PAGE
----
The latest evidence-based clinical practice guidelines for ankle sprain and instability, adhesive capsulitis, and congenital muscular torticollis (CMT) have been added to PT Now, the APTA member resource for evidence-based practice information.
The ankle and shoulder guidelines developed by the Orthopaedic Section establish recommendations for screening, diagnosis, examination, and intervention, as well as appropriate outcome measures. The guidelines also seek to provide information for policymakers and payers on the practice of orthopedic physical therapy.
The Section on Pediatrics took a similar approach to the development of guidelines for treatment of CMT, an idiopathic postural deformity evident shortly after birth. The guidelines are the result of a critical appraisal of literature and expert opinion, and include 16 action statements for screening, examination, intervention, and follow-up. The CMT guidelines also offer resources for classification of severity and flow sheets for referral paths.
In addition to the clinical practice guidelines, PT Now provides APTA members with free access to a wide variety of evidence-based resources including condition-specific clinical summaries, patient cases, and valuable tests and measures. APTA is supporting the sections in the development of clinical practice evidence-based documents as part of the association's strategic objectives.
Members, patients, and supporters of physical therapy can now stay up-to-date on the latest legislative and regulatory news by downloading the free APTA Action app. The smartphone app was designed to help providers and patients stay engaged in APTA’s advocacy efforts and will be a valuable tool in grassroots efforts to end the therapy cap and fix the sustainable growth rate (SGR).
The APTA Action app allows individuals to:
The app debuts at a crucial time in the efforts to end the therapy cap and fix the SGR. APTA will launch the next grassroots push to stop the therapy cap on December 2, 30 days from the expiration of the exceptions process. Supporters who download the app and join PTeam by December 1 will be able to easily contact legislators on December 2 using the app's "Take Action" button.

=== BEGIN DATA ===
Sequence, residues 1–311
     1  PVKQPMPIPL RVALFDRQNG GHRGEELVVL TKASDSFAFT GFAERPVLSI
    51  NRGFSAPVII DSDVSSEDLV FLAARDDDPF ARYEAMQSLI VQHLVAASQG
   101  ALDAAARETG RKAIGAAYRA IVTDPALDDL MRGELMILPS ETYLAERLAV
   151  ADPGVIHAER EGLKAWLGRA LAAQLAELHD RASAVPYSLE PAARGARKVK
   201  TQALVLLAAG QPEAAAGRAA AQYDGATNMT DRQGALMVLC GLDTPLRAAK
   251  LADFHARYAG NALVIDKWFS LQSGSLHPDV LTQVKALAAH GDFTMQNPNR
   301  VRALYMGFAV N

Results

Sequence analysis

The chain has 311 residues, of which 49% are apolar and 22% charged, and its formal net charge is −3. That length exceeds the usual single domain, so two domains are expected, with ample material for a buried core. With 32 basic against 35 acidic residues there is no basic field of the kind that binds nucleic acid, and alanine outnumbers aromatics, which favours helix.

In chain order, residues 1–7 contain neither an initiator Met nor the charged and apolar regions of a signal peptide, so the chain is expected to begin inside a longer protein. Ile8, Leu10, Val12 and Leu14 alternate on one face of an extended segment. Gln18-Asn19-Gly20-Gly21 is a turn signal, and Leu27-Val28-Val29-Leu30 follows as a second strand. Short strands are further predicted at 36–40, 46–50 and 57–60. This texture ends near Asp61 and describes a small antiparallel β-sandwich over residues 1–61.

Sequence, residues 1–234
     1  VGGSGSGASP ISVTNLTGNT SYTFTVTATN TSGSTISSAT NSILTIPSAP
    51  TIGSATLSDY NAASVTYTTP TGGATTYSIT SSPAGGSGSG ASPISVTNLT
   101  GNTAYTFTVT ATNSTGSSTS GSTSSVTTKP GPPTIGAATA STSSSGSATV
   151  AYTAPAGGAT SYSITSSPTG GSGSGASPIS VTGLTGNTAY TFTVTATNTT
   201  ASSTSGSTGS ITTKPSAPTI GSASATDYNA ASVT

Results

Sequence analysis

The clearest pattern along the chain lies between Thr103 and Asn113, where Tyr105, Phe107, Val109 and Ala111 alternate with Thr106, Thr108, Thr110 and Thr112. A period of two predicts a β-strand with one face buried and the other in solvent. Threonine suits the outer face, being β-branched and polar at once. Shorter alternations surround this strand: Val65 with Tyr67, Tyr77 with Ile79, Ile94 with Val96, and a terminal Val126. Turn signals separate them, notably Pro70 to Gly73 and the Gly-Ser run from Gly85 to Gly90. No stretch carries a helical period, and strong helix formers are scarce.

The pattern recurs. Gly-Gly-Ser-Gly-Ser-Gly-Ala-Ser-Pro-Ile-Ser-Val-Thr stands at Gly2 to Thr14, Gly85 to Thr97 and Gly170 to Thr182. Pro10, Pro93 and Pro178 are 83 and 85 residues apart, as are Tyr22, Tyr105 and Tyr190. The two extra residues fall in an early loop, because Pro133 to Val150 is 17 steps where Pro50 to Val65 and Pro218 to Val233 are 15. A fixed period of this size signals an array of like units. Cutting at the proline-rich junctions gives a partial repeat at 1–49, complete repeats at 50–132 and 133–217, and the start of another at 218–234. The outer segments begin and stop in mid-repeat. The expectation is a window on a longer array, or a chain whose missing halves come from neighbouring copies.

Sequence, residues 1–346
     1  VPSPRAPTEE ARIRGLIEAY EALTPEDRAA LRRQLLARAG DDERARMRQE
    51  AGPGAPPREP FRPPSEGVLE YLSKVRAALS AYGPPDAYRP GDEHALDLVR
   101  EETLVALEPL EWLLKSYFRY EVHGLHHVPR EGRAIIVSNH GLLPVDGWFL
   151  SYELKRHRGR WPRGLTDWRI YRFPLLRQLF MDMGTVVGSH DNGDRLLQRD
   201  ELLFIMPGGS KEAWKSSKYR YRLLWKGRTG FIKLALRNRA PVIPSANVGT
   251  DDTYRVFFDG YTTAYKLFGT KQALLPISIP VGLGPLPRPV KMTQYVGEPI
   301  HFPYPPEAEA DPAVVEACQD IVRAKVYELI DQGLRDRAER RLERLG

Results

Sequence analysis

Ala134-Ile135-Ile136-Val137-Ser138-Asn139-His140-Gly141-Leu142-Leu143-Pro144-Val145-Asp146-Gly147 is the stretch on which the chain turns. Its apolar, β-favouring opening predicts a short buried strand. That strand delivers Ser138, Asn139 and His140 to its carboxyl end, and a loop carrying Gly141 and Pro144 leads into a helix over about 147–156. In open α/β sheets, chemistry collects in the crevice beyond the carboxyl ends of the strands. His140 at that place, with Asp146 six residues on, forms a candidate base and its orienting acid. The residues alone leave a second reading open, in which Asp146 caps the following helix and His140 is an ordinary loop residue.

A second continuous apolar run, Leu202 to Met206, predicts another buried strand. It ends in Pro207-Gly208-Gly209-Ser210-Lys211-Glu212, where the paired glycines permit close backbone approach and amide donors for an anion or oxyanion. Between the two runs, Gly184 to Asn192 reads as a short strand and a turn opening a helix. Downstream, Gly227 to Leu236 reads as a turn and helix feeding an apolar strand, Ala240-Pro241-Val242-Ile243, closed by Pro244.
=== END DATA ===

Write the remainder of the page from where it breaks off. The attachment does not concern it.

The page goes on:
The free app can be downloaded by searching “APTA Action” in the iTunes or Google Play stores. For more information about the APTA Action app and how to get involved in the Stop the Therapy Cap campaign, visit APTA’s grassroots webpage or e-mail email@example.com.
APTA wants to see where you use your APTA Action app. Take a photo using the app in fun, creative places and post it on Twitter using the hashtag #PTAdvocacy. Let’s get a photo from every state to show members across the country getting involved.
Important concussion legislation supported by APTA has been reintroduced in Congress. Developed with input from the association, the Protecting Student Athletes From Concussions Act (HR 3532) establishes guidelines around prevention, identification, treatment, and management of concussions in school-age children, and acknowledges the role that physical therapists (PTs) have in evaluating and treating these injuries.
The legislation has been reintroduced by Reps Tim Bishop (D-NY) and George Miller (D-CA), and would require states to implement concussion safety and management plans that include return-to-play requirements and academic supports. Additionally, the bill requires that any student who suffers a concussion be immediately removed from any participation in school sports until he or she receives a written release from a health care professional. Physical therapists (PTs) are explicitly listed as one of the professionals qualified to make these return-to-play decisions. APTA advocated for the legislation when it was initially introduced in 2011 and worked with members of Congress on the recent reintroduction.
Related work continues around the reintroduction of a similar piece of legislation, the Concussion Treatment and Care Tools Act (ConTACT) (HR 3113/S 1516) introduced by Sen Robert Menendez (D-NJ) and Rep Bill Pascrell (D-NJ). Though not passed into law when it was first introduced, the ConTACT bill helped to establish a workgroup within the Centers for Disease Control and Prevention (CDC) assigned to developing guidelines for mild traumatic brain injury (MTBI). APTA members Anne Mucha, PT, DPT, MS, NCS, and John DeWitt, PT, DPT, SCS, represent the role of PTs on the CDC workgroup.
The latest iteration of the ConTACT Act bill calls for the establishment of national guidelines drawn from the CDC workgroup recommendations on best practices for diagnosis, treatment, and management of MTBI in school-aged children. The legislation also provides for grants to help states implement these guidelines. APTA will continue to advocate for these pieces of legislation as opportunities arise to support the CDC workgroup recommendations and the role of the PT in concussion management.
APTA believes that concussion should be managed and evaluated by a multidisciplinary team of licensed health care providers that includes a PT and offers multiple resources. The association has developed policy resources at both state and federal levels, while practice-focused online concussion resources include a series of podcasts, a PT's guide to concussions, and access to evidence-based practice research through the PT Now webpage.
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